Wednesday, August 17, 2005

Interesting Student Note on the Paralympics and the Disability Discrimination Laws

Just out on Westlaw: Jason Kroll, Note, Second Class Athletes: The USOC's Treatment of its Paralympians, 23 Cardozo Arts & Ent. L.J. 307 (2005). The introduction:

The past few years have not been kind to the United States Olympic Committee ("USOC"). The organization's credibility and reputation has been severely tarnished due to scandals and allegations involving bribery, corruption and drug use, among many other things. This has prompted Congress to investigate the organization and pass legislation requiring the USOC to reorganize its governing structure. But the USOC's problems do not end there. Recently, disabled athletes have filed two separate lawsuits in the United States District Court for the District of Colorado alleging that the USOC discriminates against the disabled by refusing to provide the same benefits and programs to Paralympians that it does for Olympians. Specifically, these Paralympians claim that USOC policy and practices violate Title III of the Americans with Disabilities Act ("ADA") and section 504 of the Rehabilitation Act--legislation passed to protect the disabled against discrimination.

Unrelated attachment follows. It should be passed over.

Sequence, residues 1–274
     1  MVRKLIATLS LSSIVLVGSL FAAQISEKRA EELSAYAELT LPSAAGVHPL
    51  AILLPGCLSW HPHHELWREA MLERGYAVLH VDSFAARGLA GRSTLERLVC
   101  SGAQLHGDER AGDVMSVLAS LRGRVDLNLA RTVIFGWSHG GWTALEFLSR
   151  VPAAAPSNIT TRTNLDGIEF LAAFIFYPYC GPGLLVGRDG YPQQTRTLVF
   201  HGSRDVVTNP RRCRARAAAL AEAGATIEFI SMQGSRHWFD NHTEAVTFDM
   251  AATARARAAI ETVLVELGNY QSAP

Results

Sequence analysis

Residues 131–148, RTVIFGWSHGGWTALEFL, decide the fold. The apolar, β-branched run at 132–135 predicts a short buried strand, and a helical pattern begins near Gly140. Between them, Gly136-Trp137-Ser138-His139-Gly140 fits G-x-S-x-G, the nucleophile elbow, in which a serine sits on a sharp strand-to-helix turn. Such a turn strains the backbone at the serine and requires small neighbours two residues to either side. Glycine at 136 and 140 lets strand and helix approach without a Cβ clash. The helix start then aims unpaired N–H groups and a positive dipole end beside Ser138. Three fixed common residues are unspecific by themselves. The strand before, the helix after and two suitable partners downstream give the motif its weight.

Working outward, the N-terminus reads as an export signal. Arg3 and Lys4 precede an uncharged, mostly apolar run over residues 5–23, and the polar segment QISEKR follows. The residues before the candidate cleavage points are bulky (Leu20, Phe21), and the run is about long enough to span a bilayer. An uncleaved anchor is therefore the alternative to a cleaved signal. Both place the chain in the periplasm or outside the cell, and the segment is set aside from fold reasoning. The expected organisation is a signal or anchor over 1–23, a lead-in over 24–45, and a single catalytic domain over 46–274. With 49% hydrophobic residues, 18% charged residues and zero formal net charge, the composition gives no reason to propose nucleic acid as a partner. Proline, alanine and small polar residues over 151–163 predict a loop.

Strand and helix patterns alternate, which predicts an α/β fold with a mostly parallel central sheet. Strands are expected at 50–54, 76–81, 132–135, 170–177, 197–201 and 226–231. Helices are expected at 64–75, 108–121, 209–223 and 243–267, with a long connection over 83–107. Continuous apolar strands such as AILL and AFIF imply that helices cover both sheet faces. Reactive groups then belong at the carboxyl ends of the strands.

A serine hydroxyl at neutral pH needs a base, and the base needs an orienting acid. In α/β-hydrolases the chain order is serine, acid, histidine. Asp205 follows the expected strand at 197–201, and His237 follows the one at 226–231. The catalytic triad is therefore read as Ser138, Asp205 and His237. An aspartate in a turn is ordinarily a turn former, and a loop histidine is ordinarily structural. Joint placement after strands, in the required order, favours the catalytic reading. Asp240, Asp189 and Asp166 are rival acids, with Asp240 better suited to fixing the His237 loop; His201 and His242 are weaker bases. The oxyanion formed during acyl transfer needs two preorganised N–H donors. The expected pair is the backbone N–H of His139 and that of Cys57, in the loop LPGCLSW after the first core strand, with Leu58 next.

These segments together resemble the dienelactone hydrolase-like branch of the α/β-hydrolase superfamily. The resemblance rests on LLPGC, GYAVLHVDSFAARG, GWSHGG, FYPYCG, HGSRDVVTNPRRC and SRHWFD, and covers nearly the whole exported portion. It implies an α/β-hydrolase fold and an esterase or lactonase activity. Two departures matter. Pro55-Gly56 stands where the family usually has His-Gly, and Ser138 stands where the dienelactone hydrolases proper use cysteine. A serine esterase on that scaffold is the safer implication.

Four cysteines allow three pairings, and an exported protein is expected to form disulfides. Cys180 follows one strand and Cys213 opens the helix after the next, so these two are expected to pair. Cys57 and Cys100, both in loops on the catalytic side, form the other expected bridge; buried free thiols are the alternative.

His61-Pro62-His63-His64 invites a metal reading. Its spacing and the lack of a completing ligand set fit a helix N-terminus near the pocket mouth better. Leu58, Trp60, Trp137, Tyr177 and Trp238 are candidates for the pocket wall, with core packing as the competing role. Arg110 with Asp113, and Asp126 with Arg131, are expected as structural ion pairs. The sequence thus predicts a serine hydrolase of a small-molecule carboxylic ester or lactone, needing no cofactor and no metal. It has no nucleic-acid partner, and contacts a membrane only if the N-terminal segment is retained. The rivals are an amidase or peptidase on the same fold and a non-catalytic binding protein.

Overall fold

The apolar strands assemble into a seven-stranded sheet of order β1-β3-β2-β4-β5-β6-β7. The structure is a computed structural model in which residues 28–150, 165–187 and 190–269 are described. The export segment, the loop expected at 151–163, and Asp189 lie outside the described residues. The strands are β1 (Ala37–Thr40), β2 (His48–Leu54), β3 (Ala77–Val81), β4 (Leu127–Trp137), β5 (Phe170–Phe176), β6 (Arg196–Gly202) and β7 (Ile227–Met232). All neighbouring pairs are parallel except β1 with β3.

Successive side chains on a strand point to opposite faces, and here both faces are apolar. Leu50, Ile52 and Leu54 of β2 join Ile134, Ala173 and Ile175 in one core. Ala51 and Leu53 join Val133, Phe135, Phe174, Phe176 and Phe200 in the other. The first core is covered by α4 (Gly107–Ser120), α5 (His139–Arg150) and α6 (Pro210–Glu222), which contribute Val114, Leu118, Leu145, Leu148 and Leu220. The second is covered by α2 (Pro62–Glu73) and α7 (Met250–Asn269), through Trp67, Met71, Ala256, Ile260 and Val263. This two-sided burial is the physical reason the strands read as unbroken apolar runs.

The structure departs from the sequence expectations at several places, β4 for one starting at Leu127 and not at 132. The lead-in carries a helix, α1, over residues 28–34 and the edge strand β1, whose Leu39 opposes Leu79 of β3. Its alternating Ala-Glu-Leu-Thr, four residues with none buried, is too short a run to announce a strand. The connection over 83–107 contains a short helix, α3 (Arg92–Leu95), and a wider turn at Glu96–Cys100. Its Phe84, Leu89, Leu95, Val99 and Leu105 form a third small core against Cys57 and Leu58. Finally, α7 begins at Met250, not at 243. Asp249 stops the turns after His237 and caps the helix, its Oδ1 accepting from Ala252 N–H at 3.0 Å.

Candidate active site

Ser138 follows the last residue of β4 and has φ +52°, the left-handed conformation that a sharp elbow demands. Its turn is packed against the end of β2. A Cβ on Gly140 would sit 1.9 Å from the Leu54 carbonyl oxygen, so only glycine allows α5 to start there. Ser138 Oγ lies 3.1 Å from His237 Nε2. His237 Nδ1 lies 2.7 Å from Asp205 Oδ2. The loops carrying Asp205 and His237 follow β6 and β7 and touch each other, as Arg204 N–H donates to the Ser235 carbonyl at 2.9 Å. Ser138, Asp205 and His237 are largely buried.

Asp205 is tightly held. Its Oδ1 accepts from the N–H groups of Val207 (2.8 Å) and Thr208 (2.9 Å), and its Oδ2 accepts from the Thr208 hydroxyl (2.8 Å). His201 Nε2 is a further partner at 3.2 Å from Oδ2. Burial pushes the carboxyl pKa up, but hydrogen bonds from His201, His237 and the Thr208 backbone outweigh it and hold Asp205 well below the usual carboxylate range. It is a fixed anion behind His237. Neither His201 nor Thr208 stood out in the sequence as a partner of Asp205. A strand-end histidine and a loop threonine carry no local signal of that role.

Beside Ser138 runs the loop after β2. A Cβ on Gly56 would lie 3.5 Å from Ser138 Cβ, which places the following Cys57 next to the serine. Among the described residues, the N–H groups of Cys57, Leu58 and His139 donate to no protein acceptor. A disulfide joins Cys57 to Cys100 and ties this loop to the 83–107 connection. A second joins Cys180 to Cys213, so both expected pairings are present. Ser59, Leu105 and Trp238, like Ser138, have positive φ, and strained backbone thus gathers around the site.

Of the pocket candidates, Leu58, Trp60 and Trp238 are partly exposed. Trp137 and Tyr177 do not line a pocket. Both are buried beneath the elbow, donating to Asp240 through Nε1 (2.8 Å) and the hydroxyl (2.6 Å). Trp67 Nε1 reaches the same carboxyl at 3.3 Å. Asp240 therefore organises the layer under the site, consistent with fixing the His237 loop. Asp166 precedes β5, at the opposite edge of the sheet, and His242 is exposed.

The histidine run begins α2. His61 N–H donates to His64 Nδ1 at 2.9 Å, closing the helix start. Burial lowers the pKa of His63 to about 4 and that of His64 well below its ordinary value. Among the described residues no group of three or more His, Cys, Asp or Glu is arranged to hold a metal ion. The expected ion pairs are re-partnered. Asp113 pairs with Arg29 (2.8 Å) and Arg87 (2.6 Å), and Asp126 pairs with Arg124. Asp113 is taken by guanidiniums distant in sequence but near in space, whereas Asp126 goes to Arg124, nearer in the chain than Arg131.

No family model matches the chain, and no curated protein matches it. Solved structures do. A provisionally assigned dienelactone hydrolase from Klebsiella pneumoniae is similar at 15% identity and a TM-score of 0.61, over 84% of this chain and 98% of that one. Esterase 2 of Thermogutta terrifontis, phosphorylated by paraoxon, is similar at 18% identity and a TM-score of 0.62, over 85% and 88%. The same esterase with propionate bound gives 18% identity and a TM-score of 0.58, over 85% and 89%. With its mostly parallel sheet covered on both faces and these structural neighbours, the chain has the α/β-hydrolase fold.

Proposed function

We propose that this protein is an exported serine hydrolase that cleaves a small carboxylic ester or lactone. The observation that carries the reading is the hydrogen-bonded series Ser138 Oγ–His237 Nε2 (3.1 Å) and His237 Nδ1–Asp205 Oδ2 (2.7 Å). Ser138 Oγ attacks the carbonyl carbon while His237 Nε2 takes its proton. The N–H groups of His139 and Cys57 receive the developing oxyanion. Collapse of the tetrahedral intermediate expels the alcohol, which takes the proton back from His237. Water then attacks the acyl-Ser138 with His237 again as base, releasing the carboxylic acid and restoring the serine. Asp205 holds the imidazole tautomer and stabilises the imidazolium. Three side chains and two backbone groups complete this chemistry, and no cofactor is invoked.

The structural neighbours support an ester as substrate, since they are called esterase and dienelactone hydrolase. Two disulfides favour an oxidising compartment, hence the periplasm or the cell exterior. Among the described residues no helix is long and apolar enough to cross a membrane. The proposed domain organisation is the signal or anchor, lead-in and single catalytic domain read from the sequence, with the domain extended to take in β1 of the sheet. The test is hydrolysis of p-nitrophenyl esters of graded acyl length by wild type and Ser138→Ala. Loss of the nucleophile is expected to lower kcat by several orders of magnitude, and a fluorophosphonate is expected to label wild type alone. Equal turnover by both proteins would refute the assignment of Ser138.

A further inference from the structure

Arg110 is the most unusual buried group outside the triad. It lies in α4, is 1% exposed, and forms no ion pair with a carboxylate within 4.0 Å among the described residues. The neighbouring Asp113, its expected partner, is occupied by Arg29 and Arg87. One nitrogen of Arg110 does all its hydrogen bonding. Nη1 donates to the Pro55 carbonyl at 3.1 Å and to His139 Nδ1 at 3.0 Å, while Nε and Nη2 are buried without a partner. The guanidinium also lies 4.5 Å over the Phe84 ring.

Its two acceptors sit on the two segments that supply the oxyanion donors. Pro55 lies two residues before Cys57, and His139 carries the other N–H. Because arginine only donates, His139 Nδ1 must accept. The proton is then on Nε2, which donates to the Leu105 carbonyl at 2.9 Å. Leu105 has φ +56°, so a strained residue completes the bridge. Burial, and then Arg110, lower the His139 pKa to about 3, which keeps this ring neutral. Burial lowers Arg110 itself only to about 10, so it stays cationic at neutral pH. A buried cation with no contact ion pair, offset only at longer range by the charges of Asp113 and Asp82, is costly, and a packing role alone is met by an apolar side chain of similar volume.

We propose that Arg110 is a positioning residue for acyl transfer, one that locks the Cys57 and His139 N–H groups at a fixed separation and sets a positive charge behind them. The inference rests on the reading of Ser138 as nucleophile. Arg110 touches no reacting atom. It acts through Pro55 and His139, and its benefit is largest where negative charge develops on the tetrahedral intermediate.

The purpose of this note is to evaluate whether the USOC is indeed engaging in discriminatory behavior against the disabled. The focal point of the note will be the more recent of the two lawsuits, the Hollonbeck litigation. The note begins with an overview of both the USOC and the Paralympics, and the relationship between the two entities. Part II discusses the claims brought by the athletes in the Hollonbeck litigation and the USOC's response to these claims. Part III provides an in-depth discussion of the ADA and the Rehabilitation Act with specific emphasis on their application to the sports world. Part IV presents the legal arguments of both the athlete- plaintiffs and the USOC. Part V provides an analysis of these arguments, and based on statutory interpretation and congressional intent, concludes that the USOC's treatment of Paralympic Athletes violates both the ADA and section 504 of the Rehabilitation Act.


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